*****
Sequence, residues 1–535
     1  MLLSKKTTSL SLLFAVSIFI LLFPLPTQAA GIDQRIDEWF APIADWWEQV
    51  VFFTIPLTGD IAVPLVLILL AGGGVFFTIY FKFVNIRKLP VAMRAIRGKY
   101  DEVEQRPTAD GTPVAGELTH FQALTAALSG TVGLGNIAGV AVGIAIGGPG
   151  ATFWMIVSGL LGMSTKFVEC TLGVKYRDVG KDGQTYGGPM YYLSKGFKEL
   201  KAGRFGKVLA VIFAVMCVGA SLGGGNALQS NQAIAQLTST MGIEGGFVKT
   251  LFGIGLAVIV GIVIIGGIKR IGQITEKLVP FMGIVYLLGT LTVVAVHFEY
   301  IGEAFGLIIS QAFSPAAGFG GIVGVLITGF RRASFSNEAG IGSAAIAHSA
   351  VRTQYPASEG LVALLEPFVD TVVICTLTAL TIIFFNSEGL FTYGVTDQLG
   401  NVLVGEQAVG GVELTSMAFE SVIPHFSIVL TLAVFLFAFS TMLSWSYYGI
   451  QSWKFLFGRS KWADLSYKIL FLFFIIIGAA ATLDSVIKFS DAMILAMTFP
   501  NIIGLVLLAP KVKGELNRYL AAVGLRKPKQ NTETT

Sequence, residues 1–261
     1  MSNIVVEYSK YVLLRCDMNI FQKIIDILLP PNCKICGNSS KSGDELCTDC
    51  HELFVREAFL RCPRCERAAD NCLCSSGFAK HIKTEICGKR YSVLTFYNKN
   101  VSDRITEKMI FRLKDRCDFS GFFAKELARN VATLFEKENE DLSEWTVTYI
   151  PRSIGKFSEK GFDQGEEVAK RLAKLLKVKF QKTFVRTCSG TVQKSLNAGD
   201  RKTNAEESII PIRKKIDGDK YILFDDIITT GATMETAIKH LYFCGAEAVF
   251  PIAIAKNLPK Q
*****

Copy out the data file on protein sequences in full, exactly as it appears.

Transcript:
Sequence, residues 1–535
     1  MLLSKKTTSL SLLFAVSIFI LLFPLPTQAA GIDQRIDEWF APIADWWEQV
    51  VFFTIPLTGD IAVPLVLILL AGGGVFFTIY FKFVNIRKLP VAMRAIRGKY
   101  DEVEQRPTAD GTPVAGELTH FQALTAALSG TVGLGNIAGV AVGIAIGGPG
   151  ATFWMIVSGL LGMSTKFVEC TLGVKYRDVG KDGQTYGGPM YYLSKGFKEL
   201  KAGRFGKVLA VIFAVMCVGA SLGGGNALQS NQAIAQLTST MGIEGGFVKT
   251  LFGIGLAVIV GIVIIGGIKR IGQITEKLVP FMGIVYLLGT LTVVAVHFEY
   301  IGEAFGLIIS QAFSPAAGFG GIVGVLITGF RRASFSNEAG IGSAAIAHSA
   351  VRTQYPASEG LVALLEPFVD TVVICTLTAL TIIFFNSEGL FTYGVTDQLG
   401  NVLVGEQAVG GVELTSMAFE SVIPHFSIVL TLAVFLFAFS TMLSWSYYGI
   451  QSWKFLFGRS KWADLSYKIL FLFFIIIGAA ATLDSVIKFS DAMILAMTFP
   501  NIIGLVLLAP KVKGELNRYL AAVGLRKPKQ NTETT

Sequence, residues 1–261
     1  MSNIVVEYSK YVLLRCDMNI FQKIIDILLP PNCKICGNSS KSGDELCTDC
    51  HELFVREAFL RCPRCERAAD NCLCSSGFAK HIKTEICGKR YSVLTFYNKN
   101  VSDRITEKMI FRLKDRCDFS GFFAKELARN VATLFEKENE DLSEWTVTYI
   151  PRSIGKFSEK GFDQGEEVAK RLAKLLKVKF QKTFVRTCSG TVQKSLNAGD
   201  RKTNAEESII PIRKKIDGDK YILFDDIITT GATMETAIKH LYFCGAEAVF
   251  PIAIAKNLPK Q